The Travel Tart: Travelling with a couple can often cause a bit of strain when on the road. I’m sure you have travelled together for a long, long time. If you have had some dummy spits on the road, what was the most unusual reason for it? (Well, one that you’re comfortable with!)
The Wheelers: (Tony) Maureen walked off and left me once in Delhi, on our first overland trip, but leaving me with her passports, all her money etc. Not a good escape.
The Travel Tart: I’ve crashed in all sorts of places such as a tree house, a bus station floor, and Soviet styled hotels blessed with a variety of concrete blocks. What is the most bizarre place you have ever stayed?
The Wheelers: The bar at Dulles Airport in Washington DC, when the airport got snowed in and our flight wasn’t going anywhere. Assorted back seats of cars. Our very first night in Australia in the back of a station wagon in a garage with an orphaned joey in a sack pinned to the wall.
The Travel Tart: When I was reading your story in Once While Travelling – The Lonely Planet Story, I noticed that when you travelled overland from London to Australia, that British citizens were allowed to turn up and live in Australia without any visa process (wow!). Back in the 1790’s, you only needed to steal a loaf of bread to score a one-way ticket to Australia from England in a leaky boat. Times always change, but what’s been your most bizarre and/or frustrating entry procedure into a country?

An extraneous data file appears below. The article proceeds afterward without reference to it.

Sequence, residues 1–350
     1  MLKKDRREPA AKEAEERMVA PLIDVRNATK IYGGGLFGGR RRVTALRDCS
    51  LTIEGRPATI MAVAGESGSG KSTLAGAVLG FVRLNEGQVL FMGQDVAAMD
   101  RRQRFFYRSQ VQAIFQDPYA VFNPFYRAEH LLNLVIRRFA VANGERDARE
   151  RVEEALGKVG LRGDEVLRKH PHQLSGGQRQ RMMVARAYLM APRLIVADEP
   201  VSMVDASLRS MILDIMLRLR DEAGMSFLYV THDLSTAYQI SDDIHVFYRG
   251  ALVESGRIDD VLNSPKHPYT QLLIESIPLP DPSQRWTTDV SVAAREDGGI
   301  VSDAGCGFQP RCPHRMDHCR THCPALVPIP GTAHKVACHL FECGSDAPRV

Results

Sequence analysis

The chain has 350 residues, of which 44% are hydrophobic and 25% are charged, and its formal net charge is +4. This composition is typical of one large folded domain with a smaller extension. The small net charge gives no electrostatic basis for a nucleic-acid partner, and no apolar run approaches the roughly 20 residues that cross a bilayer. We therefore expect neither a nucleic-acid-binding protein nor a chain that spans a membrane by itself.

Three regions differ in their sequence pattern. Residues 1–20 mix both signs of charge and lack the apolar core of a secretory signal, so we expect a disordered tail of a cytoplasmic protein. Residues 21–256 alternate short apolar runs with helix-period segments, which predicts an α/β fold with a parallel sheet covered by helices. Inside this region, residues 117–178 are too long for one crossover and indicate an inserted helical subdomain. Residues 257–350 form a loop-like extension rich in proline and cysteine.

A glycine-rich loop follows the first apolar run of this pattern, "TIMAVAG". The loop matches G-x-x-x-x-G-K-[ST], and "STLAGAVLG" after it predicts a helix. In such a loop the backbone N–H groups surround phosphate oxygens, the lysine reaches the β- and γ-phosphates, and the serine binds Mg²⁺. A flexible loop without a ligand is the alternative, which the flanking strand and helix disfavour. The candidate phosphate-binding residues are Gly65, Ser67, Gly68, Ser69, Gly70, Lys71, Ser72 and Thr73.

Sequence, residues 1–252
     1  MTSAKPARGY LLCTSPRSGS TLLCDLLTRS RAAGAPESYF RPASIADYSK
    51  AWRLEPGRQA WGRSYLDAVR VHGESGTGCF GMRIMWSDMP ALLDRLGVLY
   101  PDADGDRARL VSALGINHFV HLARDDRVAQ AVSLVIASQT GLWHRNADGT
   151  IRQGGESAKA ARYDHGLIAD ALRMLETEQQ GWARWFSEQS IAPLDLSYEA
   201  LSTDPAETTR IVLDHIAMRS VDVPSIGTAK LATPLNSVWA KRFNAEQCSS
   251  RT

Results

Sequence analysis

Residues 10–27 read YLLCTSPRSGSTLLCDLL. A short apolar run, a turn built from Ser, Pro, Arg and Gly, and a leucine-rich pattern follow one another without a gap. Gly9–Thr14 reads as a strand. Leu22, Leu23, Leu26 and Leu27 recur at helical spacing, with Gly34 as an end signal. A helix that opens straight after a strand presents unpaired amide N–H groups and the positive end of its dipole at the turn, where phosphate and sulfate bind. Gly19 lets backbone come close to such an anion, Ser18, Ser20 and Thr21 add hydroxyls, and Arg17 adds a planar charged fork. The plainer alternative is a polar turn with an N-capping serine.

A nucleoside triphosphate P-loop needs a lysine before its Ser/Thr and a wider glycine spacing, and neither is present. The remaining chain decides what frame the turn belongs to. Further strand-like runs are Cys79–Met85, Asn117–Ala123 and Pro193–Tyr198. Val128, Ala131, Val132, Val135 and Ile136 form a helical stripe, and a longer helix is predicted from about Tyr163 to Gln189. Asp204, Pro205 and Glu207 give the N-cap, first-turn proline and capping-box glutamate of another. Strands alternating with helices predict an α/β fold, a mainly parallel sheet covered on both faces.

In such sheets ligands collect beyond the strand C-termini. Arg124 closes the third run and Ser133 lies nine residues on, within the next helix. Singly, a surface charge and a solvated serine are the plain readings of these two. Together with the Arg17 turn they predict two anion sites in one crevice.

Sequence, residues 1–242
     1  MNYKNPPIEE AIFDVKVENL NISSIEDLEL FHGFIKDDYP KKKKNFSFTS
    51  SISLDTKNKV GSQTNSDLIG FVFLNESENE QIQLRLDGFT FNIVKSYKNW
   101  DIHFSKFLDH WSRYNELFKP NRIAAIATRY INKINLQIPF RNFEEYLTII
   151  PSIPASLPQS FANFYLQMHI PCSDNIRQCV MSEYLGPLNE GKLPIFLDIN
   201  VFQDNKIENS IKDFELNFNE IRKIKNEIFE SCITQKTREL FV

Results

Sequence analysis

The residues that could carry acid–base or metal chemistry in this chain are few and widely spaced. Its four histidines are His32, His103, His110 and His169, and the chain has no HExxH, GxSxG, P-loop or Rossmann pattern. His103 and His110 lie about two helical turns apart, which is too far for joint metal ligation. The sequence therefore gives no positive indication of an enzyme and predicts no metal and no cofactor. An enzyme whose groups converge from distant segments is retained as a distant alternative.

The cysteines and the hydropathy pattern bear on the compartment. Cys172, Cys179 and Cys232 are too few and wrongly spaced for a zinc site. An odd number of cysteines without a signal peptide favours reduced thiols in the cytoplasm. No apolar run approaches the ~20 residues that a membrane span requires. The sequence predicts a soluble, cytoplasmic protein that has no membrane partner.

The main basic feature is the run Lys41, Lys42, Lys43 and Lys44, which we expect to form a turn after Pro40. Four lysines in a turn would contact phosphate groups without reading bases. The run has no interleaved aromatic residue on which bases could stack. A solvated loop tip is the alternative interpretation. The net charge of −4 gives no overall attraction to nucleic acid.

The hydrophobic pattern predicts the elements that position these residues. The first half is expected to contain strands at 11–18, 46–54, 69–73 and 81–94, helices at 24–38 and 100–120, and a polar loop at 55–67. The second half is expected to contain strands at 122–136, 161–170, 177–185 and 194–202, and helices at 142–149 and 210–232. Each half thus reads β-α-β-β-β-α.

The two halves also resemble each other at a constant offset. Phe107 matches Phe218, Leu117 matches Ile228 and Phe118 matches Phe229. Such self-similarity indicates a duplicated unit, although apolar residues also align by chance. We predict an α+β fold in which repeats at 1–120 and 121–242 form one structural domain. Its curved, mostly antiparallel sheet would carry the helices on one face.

The Wheelers: It’s not so much the actual entry that drives you nuts as the hoops you have to go through to get visas for some countries. And why do the places where, let’s face it, nobody wants to go to always charge the most and make it most difficult? My current worst ever visa experience goes to the Russians back in 2008. I needed a double entry visa and I was getting it in London. They charged an absurd ₤95 for a single entry visa or ₤105 for a double entry except they absolutely would not issue you with a double entry even though you’d filled in all the right forms, got all the right tickets, made all the right hotel arrangements. So I went to a UK agency specializing in Russian visas – ‘sure we can get that for you, no problem at all, ₤311 please.’ Much better was the Vietnam visa I picked up in Phnom Penh, ‘$25’ said my hotel, ‘what about the visa application form?’ I asked. ‘Don’t worry about it, they just want the money.’
The Travel Tart: To work out the affordability of a country, I’ve devised my own Beer Index which calculates the price per litre of beer in each country. I always like trying out the brews from different places. I know it’s really hard to stuff up beer, but have you come across one that was so terrible, you would prefer to drink razor blades?
The Wheelers: (Tony) No! Although I’m still perplexed why the English should think drinking beer warm is a good idea? And I was born there. I’ve just been in Congo DRC where the standard beer bottle size is 730ml. You need to be really thirsty before you call for a beer.